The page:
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abstract = "Over 50{\%} of patients with 22q11.2 deletion syndrome (DS) have a conotruncal or related cardiac defect (CTRD). We hypothesized that similar genetic variants, developmental pathways and biological functions, contribute to disease risk for CTRD in patients without a 22q11.2 deletion (ND-CTRD) and with a 22q11.2 deletion (DS-CTRD). To test this hypothesis, we performed rare CNV (rCNV)-based analyses on 630 ND-CTRD cases and 602 DS-CTRD cases with comparable cardiac lesions separately and jointly. First, we detected a collection of heart development related pathways from Gene Ontology and Mammalian Phenotype Ontology analysis. We then constructed gene regulation networks using unique genes collected from the rCNVs found in the ND-CTRD and DS-CTRD cohorts. These gene networks were clustered and their predicted functions were examined. We further investigated expression patterns of those unique genes using publicly available mouse embryo microarray expression data from single-cell embryos to fully developed hearts. By these bioinformatics approaches, we identified a commonly shared gene expression pattern in both the ND-CTRD and DS-CTRD cohorts. Computational analysis of gene functions characterized with this expression pattern revealed a collection of significantly enriched terms related to cardiovascular development. By our combined analysis of rCNVs in the ND-CTRD and DS-CTRD cohorts, a group of statistically significant shared pathways, biological functions, and gene expression patterns were identified that can be tested in future studies for their biological relevance.",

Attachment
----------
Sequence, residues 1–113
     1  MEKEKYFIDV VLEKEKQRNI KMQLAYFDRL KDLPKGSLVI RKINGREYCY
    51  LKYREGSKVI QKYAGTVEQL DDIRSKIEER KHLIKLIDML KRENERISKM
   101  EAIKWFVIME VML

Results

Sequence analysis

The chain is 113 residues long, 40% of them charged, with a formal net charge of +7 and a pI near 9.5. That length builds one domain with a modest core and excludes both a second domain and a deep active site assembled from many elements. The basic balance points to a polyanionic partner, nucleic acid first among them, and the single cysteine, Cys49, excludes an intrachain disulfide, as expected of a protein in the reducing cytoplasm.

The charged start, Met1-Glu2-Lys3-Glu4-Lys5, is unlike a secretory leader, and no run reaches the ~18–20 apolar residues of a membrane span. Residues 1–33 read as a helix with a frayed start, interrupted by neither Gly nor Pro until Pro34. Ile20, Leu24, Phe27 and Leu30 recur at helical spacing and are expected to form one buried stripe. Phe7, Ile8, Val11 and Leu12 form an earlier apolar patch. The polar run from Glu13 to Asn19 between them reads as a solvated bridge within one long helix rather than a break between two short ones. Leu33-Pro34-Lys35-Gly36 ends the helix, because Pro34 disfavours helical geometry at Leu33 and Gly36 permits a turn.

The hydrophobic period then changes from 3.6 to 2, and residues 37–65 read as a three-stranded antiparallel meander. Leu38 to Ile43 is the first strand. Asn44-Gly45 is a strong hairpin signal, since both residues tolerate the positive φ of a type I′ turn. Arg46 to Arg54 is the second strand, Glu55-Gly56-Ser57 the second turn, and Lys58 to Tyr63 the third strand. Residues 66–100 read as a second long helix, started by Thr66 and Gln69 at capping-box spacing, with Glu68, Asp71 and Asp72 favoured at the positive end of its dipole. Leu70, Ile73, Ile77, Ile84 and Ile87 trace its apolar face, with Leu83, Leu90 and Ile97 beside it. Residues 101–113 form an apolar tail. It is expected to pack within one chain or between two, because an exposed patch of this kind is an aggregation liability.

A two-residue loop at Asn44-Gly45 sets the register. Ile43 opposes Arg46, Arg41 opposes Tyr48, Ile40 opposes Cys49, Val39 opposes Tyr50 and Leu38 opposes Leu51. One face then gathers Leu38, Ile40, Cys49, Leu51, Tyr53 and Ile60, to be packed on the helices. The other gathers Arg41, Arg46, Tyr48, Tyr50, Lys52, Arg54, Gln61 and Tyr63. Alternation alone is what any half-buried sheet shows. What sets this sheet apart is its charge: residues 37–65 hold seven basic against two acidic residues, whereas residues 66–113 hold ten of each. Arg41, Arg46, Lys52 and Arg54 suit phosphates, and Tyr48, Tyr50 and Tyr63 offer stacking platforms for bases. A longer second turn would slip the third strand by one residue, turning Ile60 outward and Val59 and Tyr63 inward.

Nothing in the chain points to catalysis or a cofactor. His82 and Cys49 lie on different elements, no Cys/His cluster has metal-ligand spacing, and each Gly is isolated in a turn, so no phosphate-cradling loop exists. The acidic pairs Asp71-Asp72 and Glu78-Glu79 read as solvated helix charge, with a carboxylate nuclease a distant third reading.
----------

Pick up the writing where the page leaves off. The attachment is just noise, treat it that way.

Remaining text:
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AU - Xie, Hongbo M.

AU - Taylor, Deanne M.

AU - Zhang, Zhe

AU - McDonald-McGinn, Donna M.

AU - Zackai, Elaine H.

AU - Stambolian, Dwight

AU - Hakonarson, Hakon

AU - Morrow, Bernice E.

AU - Emanuel, Beverly S.

AU - Goldmuntz, Elizabeth

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AB - Over 50% of patients with 22q11.2 deletion syndrome (DS) have a conotruncal or related cardiac defect (CTRD). We hypothesized that similar genetic variants, developmental pathways and biological functions, contribute to disease risk for CTRD in patients without a 22q11.2 deletion (ND-CTRD) and with a 22q11.2 deletion (DS-CTRD). To test this hypothesis, we performed rare CNV (rCNV)-based analyses on 630 ND-CTRD cases and 602 DS-CTRD cases with comparable cardiac lesions separately and jointly. First, we detected a collection of heart development related pathways from Gene Ontology and Mammalian Phenotype Ontology analysis. We then constructed gene regulation networks using unique genes collected from the rCNVs found in the ND-CTRD and DS-CTRD cohorts. These gene networks were clustered and their predicted functions were examined. We further investigated expression patterns of those unique genes using publicly available mouse embryo microarray expression data from single-cell embryos to fully developed hearts. By these bioinformatics approaches, we identified a commonly shared gene expression pattern in both the ND-CTRD and DS-CTRD cohorts. Computational analysis of gene functions characterized with this expression pattern revealed a collection of significantly enriched terms related to cardiovascular development. By our combined analysis of rCNVs in the ND-CTRD and DS-CTRD cohorts, a group of statistically significant shared pathways, biological functions, and gene expression patterns were identified that can be tested in future studies for their biological relevance.